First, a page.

• Meet certain hour requirements

• Pass the appropriate medical exam

• Meet all of the detailed flight experience and knowledge requirements

• Pass a written exam and a practical flight exam 

 

 

Additional Requirements for Working in this Field

In addition to licensing and experience, you may also require the following:

 

• Able to pass a criminal record check

• Vision corrected to 20/20

• Hold a current, valid passport from Canada or the United States

• Completion of an advanced training ground school course on aviation subjects or related post-secondary education

 

 

Helpful Personal Traits and Characteristics

In order to take enjoyment from a career as an airline pilot, you need a certain set of personality traits. Taking enjoyment from your job duties and your career are important, as it helps you maintain a positive attitude towards your work, which can lead to having a long and successful career.

 

• Enjoy operating aircraft and related equipment

• The ability to work well with others

• The ability to delegate tasks

• Willing to travel cross-border

• Comfortable with heights and loud noises

• Enjoy evaluating aircraft performance

• Willing to pursue a highly competitive career

• Willing to “build time” (accumulate hours and hours of flight training and experience)

• Able to keep calm, be decisive, and take charge in difficult and stressful situations

• Willing to take responsibility for the well-being of the aircraft, its cargo, crew and passengers

 

 

Skills You'll Need

In order to become effective in a career as an airline pilot, and perform your job duties with competence, you need to posses a certain set of skills, including:

 

• A good sense of spatial orientation

• Good hand-eye coordination

• Excellent leadership skills

• Able to speak clearly when conveying information to air traffic controllers

• Able to listen closely for instructions

• Able to remain attentive for long periods

• Able to maintain situational awareness by looking for other aircraft or obstacles

• Able to respond quickly and with good judgment to any impending danger

• Able to work as a member of a team

• Able to effectively deal with people when they are stressed and aggressive

• Able to work effectively with personnel ranging from labourers to company presidents

• Able to work for long periods without supervision

 

 

How Much Do Airline Pilots Make?

The salary level of airline pilots can vary, typically depending on the following factors:

 

• Their level of experience (including hours logged) and aptitude

• The region in which they work

• The size of their employer

 

Salary for Alberta Pilots: According to the 2013 Alberta Wage and Salary Survey, Albertans working in the Air Pilots, Flight Engineers and Flying Instructors occupational group earn an average salary of $65,133 per year.

 

Canada: According to Service Canada, the average salary level of Canadian workers in the Air Pilots, Flight Engineers and Flying Instructors occupational group is $93,447 per year.

 

United States: According to the United States Bureau of Labor Statistics, the median salary for American workers in the Airline Pilots, Copilots, and Flight Engineers occupational group is $114,200 per year.

 

 

Airline Pilot Job Postings

Our job board below has job postings for pilots in Canada and the United States:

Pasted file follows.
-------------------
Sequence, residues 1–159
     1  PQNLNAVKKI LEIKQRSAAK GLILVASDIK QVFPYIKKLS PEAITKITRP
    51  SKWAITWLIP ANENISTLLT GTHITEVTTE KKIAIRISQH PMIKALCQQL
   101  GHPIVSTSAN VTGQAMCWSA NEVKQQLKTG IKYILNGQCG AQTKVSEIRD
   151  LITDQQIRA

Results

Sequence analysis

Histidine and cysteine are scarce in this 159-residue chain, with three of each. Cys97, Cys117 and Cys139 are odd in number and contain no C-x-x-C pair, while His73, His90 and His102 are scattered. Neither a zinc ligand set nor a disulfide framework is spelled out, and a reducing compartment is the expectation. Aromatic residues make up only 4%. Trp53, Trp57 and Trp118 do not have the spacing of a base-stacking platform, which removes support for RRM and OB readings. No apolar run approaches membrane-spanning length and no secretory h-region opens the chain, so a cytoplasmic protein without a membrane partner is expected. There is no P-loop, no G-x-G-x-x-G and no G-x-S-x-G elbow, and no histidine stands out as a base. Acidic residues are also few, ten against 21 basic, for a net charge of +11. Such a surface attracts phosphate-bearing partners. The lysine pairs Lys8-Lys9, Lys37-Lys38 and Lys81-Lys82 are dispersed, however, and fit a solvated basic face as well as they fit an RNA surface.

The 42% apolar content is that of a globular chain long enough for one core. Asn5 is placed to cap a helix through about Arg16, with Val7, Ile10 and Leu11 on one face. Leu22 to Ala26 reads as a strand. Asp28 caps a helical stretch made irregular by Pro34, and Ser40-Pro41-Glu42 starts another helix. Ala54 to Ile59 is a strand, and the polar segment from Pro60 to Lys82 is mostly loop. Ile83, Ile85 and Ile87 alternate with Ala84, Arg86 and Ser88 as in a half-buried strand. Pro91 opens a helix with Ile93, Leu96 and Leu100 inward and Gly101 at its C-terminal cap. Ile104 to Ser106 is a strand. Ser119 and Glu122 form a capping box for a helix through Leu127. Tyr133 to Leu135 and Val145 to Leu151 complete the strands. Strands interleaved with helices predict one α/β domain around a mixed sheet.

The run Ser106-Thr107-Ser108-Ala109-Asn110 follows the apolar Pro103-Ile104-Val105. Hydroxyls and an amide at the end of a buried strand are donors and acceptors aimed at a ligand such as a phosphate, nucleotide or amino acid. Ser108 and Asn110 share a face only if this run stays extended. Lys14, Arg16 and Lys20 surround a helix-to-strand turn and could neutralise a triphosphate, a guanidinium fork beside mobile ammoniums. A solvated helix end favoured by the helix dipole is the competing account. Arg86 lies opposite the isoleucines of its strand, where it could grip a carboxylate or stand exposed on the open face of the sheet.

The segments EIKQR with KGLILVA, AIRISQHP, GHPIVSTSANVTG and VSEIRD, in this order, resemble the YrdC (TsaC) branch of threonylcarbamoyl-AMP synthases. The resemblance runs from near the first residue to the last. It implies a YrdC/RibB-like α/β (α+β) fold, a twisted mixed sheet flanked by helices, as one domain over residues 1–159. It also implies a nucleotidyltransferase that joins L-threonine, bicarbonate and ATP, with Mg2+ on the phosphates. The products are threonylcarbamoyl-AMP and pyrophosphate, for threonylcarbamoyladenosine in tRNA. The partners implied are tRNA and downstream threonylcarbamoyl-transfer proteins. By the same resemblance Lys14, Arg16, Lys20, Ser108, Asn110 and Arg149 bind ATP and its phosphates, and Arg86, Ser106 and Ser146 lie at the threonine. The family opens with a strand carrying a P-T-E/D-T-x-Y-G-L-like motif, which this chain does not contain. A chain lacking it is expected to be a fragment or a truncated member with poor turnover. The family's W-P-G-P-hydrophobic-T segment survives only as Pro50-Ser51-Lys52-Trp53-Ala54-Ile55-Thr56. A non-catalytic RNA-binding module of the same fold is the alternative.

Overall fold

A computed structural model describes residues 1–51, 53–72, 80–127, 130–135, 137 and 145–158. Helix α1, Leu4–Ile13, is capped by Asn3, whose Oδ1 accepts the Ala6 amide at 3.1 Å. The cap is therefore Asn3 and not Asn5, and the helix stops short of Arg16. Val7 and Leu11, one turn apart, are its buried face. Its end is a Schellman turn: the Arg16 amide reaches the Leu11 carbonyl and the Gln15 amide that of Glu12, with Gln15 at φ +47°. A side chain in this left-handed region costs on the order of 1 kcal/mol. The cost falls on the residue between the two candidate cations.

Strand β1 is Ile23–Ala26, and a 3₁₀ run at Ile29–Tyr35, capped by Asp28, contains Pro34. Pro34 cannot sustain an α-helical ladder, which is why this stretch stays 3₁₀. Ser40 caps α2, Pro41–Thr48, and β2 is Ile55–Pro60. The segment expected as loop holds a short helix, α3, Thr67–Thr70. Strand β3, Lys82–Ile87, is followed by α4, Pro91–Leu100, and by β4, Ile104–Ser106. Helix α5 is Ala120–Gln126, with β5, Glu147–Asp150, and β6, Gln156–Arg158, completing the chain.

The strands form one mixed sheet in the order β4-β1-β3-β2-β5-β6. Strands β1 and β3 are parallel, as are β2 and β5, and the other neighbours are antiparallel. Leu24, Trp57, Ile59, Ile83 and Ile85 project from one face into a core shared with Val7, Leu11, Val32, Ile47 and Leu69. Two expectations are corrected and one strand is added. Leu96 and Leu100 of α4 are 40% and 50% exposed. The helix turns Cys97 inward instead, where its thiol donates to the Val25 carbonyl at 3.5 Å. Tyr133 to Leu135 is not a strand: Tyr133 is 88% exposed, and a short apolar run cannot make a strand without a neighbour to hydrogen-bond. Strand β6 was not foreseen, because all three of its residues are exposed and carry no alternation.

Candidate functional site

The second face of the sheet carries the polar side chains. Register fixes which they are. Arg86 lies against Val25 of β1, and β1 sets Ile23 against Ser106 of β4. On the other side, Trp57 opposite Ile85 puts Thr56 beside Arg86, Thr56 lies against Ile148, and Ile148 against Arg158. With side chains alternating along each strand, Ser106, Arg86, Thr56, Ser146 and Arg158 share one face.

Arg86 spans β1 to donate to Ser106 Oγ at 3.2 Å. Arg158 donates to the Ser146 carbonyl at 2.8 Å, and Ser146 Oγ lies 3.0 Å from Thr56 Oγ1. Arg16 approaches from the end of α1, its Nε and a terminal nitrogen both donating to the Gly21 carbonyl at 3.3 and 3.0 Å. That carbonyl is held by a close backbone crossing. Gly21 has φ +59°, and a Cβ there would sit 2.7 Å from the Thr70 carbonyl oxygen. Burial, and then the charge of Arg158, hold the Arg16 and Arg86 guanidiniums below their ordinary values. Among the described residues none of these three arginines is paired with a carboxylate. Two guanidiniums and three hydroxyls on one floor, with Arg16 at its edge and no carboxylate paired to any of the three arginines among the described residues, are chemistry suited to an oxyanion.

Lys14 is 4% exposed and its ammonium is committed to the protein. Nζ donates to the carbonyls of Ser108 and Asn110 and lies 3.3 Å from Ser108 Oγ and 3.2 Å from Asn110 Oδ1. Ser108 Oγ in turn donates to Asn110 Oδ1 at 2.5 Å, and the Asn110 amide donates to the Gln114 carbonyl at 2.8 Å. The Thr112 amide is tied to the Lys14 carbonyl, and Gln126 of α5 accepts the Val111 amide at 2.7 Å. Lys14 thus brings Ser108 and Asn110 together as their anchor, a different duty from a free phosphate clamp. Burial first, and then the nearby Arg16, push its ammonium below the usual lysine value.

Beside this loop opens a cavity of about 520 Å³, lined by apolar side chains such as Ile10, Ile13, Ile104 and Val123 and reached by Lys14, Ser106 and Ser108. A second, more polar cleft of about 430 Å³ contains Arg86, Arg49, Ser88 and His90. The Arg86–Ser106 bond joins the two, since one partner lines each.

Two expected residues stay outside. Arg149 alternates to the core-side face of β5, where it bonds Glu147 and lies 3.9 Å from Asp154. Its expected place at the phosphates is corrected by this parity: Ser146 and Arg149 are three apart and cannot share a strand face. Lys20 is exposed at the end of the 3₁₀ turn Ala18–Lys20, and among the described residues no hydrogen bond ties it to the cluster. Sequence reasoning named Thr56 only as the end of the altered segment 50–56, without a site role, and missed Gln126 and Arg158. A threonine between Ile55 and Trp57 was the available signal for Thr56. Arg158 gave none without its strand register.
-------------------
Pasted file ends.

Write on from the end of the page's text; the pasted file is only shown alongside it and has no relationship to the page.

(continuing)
Typical Work Environment

Working Hours

The working hours of airline pilots are often irregular, as their working hours are reflective of their flight routes and could include nights, weekends and public holidays.

 

The working hours of airline pilots are strictly regulated for safety reasons. In most airlines, pilots spend approximately 75 hours a month in the air, with additional preparation time spent on the ground.

 

The amount of time airline pilots spend away from home can vary. On domestic routes, airline pilots may be able to return home every evening. Flights further away would often involve overnight stays or longer.

 

Working Conditions

Airline pilots spend much of their time in cramped aircraft cockpits, and are sometimes exposed to dangerous situations. They also need to maintain situational awareness by looking for other aircraft or obstacles.

 

On short-haul flights, airline pilots would normally work in a two-person team, as pilot (captain) or co-pilot (first officer). On long haul flights, airline pilots often have a flight engineer on board, who is responsible for checking the instruments.

 

 

Similar Occupations

Listed below are careers in our database that are similar in nature to Airline Pilot, as they may involve many of the same skills, competencies and responsibilities.

 

Air Traffic Controller

Astronaut

Helicopter Pilot

Robotics Technologist

Tour Guide

 

 

References for this Guide

To find out more about what an airline pilot does, how much they earn, and other details of this career, please consult the following resources:

 

Alberta Learning and Information Service website: alis.alberta.ca

The Professional Flight Centre website: www.proifr.com

United States Bureau of Labor Statistics website: www.bls.gov

 

 

Scholarships for Getting into this Field

The Applicable Majors section below shows fields of study relevant to a career as an Airline Pilot. You can search for scholarships matched to those fields of study on our All Scholarships by Major pages.

 

Success Tip: Be sure to apply for any scholarships that you even barely qualify for, as there are millions of dollars of scholarships that go unused every year due to a lack of applicants!

 

 

Applicable Majors

Studying one of the university majors listed below is an excellent starting point for this career. Click on the links to find out what else you can do with these majors!